Credit Suisse (NYSE:CS) is considering a plan to split its investment bank into three units, including a "bad bank" that would hold risky assets and non-core assets that it would eventually dispose, the Financial Times reported Thursday, citing people familiar with the matter. The Swiss bank's new CEO Ulrich Körner is looking at its options as he seeks to shore up the company's reputation after three years of scandals and billions of dollars of losses.
As part of the proposal, Credit Suisse (CS) would well sell some profitable units, such as its securitized products business in order to gain the capital it needs to grow its core businesses. Disposing of the securitized products unit will reduce the company's capital commitments, but would also jettison one of its most profitable businesses, the FT said.
The newest proposal under consideration would split the investment bank into an advisory business, which it could spin off at some point, a bad bank to hold high-risk assets to be wound down; and the rest of the business.
Specifically, the plan could help the company avoid raising money in the public equity markets. Credit Suisse (CS) shares are trading in Switzerland at CHF4.87 (US$4.95), down 1.0%, in Thursday trading, near its lowest level in ~30 years. In U.S. premarket trading, its ADSs are down 0.8% at $4.96.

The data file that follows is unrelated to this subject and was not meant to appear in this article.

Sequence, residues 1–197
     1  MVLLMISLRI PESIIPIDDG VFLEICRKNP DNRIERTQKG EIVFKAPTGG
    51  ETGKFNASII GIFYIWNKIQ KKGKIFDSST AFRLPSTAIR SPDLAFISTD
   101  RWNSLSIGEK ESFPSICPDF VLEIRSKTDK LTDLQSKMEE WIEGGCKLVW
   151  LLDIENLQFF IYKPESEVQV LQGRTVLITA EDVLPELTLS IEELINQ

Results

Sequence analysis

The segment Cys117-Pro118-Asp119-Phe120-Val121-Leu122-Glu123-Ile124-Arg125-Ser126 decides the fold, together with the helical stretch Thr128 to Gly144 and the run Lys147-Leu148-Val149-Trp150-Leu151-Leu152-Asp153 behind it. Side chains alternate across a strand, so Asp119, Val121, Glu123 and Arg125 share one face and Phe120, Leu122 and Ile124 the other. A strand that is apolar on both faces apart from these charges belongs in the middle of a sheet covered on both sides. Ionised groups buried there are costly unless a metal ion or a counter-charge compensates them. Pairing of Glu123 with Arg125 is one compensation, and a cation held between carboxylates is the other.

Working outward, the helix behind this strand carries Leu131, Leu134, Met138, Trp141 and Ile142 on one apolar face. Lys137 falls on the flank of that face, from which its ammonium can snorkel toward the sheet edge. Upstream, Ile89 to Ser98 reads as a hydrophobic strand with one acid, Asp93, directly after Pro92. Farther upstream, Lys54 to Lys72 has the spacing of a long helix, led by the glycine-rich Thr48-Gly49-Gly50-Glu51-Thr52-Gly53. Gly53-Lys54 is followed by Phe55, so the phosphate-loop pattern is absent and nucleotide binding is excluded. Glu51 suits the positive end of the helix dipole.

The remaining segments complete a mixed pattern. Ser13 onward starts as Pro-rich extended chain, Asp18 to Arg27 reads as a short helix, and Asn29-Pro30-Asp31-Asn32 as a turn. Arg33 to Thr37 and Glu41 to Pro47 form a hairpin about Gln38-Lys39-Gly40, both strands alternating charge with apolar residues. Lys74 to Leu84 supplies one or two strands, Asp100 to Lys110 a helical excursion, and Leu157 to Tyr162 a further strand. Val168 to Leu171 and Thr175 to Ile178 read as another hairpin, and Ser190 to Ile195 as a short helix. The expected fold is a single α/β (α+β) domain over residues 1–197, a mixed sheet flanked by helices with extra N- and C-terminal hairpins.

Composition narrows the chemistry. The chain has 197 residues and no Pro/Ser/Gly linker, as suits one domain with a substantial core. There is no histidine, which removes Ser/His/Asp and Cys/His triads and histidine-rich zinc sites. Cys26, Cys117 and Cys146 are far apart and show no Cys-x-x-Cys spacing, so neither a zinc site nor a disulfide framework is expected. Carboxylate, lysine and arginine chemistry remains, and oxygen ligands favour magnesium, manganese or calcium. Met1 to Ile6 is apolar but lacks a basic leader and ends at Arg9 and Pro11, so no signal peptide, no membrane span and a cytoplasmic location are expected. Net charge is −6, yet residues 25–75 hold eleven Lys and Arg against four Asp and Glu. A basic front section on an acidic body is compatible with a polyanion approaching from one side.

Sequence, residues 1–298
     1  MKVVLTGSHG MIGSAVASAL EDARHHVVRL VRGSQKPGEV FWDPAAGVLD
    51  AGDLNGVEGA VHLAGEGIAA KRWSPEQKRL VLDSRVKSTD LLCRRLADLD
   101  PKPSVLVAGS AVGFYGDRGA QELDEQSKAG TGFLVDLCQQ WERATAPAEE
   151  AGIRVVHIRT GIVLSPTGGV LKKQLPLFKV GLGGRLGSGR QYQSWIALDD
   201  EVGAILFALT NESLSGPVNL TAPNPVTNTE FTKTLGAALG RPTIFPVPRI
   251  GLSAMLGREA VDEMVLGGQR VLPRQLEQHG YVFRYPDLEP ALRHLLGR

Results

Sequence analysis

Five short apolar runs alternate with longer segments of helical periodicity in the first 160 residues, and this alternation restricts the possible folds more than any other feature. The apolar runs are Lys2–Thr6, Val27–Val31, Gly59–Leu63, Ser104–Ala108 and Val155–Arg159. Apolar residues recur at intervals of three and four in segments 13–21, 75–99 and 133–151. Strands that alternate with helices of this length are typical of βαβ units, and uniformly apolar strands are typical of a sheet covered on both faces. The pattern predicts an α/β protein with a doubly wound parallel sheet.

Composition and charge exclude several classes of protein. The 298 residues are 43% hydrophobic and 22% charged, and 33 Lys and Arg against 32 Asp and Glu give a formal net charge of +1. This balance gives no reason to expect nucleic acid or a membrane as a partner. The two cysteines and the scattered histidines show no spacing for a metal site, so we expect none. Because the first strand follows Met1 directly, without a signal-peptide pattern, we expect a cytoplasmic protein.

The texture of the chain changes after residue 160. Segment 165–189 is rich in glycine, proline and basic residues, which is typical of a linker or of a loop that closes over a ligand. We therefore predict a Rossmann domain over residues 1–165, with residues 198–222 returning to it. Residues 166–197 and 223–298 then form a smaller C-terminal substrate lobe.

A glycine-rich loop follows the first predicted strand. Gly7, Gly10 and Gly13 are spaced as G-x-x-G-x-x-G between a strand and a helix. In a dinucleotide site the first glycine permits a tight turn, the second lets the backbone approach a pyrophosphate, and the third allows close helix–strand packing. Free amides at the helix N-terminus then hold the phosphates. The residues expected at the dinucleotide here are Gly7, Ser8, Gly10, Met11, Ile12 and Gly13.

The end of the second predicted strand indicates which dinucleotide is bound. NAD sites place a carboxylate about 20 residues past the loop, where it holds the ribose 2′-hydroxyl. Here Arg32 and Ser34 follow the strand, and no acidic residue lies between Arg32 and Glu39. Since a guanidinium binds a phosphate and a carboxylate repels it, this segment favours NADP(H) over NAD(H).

In July, Credit Suisse (CS) said it would provide details of its strategic review when it announces Q3 earnings, scheduled for Oct. 27. In August, Bloomberg reported that the bank is considering cutting thousands of jobs in push to reduce its costs.
Last week, Bloomberg reported that Credit Suisse (CS) is considering bringing back the First Boston name in its investment banking business.
In July, the company named Körner was named CEO and announced a comprehensive review of its operations.